Russian goaltender Ilya Samsanov will be joining the Hershey Bears for the 2018/19 season. He will receive an introduction to the NHL/AHL style of play as the franchise grooms him for an eventual back-up or number spot on the Capitals roster.
In February 2018, Alessandro Seren Rossi Elite Prospects wrote an article on the grueling process Russian goalies take to stardom in the NHL. Give it a good read.
Goalies usually peak later than other players and, hence, drafting them can be a tougher task. One of the top goalies in the world, Sergei Bobrovski, was never drafted into the NHL but this didn’t stop him from winning two Vezina Trophies and getting several other accolades. Other goalies, though, are thought so highly of that they are chosen in the first round, like Andrei Vasilevsky of the Tampa Bay Lightning for example. Another one is Ilya Samsonov, who was picked by the Washington Capitals 22nd overall pick at the 2015 NHL Draft.
Bobrovski was a bit of a late-bloomer as he didn’t play with the Russian national team until the 2008 WJC in the Czech Republic, where he backstopped Team Russia to a bronze medal. Samsonov, pretty much like Vasilevsky, got his feet wet with the national teams very early and therefore he had much more exposure. While Samsonov didn’t leapfrog stages at the same rate as Vasilevsky, he definitely had a strong showing in his junior career, representing his country at one U18 and two U20 WJCs, winning best goalie honors at the 2015 U18 WJC in Lucern, Switzerland, despite Russia’s sensational loss to the home team, 5-0, in the quarterfinals.
Samsonov debuted in the KHL during the 2014-15 season, even before getting drafted into the NHL. He played only one short portion of a game that year, spending most of the season with Metallurg Magnitogorsk’s junior team in the MHL. He was then promoted to the senior team, backing up Vasili Koshechkin, one of the top goalies in the KHL and fresh winner of an Olympic gold medal.
“Competition is too strong of a word,” Samsonov replied to Daria Tuboltseva of championat.com before the start of the season when asked about the competition between him and Koshechkin. “We have more of a collaboration, we are always supporting one another and don’t fight over who will play. It’s up to the coaching staff. There is no war between us.”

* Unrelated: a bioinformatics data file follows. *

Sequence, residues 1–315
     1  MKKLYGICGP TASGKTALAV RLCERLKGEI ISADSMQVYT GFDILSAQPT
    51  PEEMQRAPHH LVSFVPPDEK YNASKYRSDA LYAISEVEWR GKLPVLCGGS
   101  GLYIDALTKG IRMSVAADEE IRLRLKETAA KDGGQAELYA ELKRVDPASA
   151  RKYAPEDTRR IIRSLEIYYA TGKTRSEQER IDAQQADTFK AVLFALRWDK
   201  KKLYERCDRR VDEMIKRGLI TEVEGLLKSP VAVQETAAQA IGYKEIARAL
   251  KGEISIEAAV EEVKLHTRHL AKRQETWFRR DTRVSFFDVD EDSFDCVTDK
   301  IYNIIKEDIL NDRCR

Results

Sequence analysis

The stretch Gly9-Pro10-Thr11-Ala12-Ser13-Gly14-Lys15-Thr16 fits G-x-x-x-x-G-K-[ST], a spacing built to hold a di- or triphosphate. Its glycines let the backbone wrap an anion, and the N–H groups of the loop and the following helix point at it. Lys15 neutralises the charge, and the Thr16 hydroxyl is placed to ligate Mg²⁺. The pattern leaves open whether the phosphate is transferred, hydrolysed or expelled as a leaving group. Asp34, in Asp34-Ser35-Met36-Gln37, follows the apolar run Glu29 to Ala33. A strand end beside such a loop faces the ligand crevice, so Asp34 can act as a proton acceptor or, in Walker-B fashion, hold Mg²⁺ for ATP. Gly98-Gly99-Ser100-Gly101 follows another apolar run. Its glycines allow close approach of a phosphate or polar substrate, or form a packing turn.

Certainly practicing and playing with such an experienced goalie like Kosheckin, who has won multiple medals at the IIHF WC including a gold medal in 2009, has helped Samsonov. Something he confirms himself.
“Vasili’s already shown everyone how good he is, and he has a ton of experience. He plays more games, but that for me is even better because this gives me even more motivation. I watch the way he plays in this or that situation and I definitely gathered a lot of experience playing alongside with Koshechkin.”
Of course, Samsonov can’t yet match the experience of a player with 15 years of pro hockey experience, but at 21 years of age, he has already played more than 70 games in the KHL, other than the experience with the Russian national team at the junior and the Euro Hockey Tour level.
Samsonov is a very athletic goalie, and at 6’3”/205 lbs. he has the size required to a modern-day netminder. As Director of European Scouting for the NHL, Göran Stubb, sums it up:
“He has good size and covers the net well. He plays at the top of the crease and effectively squares to the shooter. He shows good instincts, is well balanced and can make acrobatic saves.”
The young goalie’s contract runs out in April and chances are good that he will move overseas as soon as this summer. He is represented by former superstar Igor Larionov.
“His agent proposed us unacceptable conditions,” Metallurg Magnitogorsk’s GM Gennadi Velichkin told championat.com in late December. “We’ll play by the rulebook: his contract is running out and we’ll give him a qualifying offer, that’s for sure. But if he has an option of signing in the NHL then, for God’s sake, we’re honoring it. We’re all proud of Ilya.”
Samsonov will end up on a team where there is an uncontested number one goalie in Braden Holtby. But Samsonov seems to be ready. When asked by Daria Tuboltseva about his chances to move overseas next summer, he replied in a very positive manner, as translated by the popular Washington Capitals blog Russian Machine Never Breaks: “Seemingly so (laughing). I don’t even know. We talked to the Capitals management, it was a positive conversation. There is a chance, but I need to work harder. This is the best league in the world after all. There are another five prospects competing for the same spot as me.”
In the same interview, Samsonov seemed very cool with the option of playing in the AHL. Considering that it took Andrei Vasilevsky two years to become the number one goalie for the Tampa Bay Lightning, it can be forecasted that a couple of seasons in the minors will certainly not hurt Samsonov’s development, even more so if he will get to play a few games at the NHL level at some point. In any case, Caps’ fans should be satisfied: they have a young goalie with great potential who definitely wants to play in the NHL.